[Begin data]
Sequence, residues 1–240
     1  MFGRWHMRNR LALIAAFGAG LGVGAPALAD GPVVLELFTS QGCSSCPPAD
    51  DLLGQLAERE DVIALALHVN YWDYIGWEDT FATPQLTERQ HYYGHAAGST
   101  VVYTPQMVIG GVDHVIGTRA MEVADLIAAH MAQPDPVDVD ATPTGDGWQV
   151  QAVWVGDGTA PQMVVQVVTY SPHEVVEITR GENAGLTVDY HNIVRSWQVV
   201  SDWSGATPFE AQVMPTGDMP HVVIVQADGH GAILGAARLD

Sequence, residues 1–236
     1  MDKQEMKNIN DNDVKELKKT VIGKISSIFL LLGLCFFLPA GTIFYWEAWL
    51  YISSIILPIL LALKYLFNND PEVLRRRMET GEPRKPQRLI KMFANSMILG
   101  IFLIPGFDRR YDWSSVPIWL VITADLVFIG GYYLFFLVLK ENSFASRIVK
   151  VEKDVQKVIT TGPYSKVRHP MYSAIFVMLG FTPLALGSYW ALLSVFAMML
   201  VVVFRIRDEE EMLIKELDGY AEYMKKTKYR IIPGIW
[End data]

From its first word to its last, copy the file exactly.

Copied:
Sequence, residues 1–240
     1  MFGRWHMRNR LALIAAFGAG LGVGAPALAD GPVVLELFTS QGCSSCPPAD
    51  DLLGQLAERE DVIALALHVN YWDYIGWEDT FATPQLTERQ HYYGHAAGST
   101  VVYTPQMVIG GVDHVIGTRA MEVADLIAAH MAQPDPVDVD ATPTGDGWQV
   151  QAVWVGDGTA PQMVVQVVTY SPHEVVEITR GENAGLTVDY HNIVRSWQVV
   201  SDWSGATPFE AQVMPTGDMP HVVIVQADGH GAILGAARLD

Sequence, residues 1–236
     1  MDKQEMKNIN DNDVKELKKT VIGKISSIFL LLGLCFFLPA GTIFYWEAWL
    51  YISSIILPIL LALKYLFNND PEVLRRRMET GEPRKPQRLI KMFANSMILG
   101  IFLIPGFDRR YDWSSVPIWL VITADLVFIG GYYLFFLVLK ENSFASRIVK
   151  VEKDVQKVIT TGPYSKVRHP MYSAIFVMLG FTPLALGSYW ALLSVFAMML
   201  VVVFRIRDEE EMLIKELDGY AEYMKKTKYR IIPGIW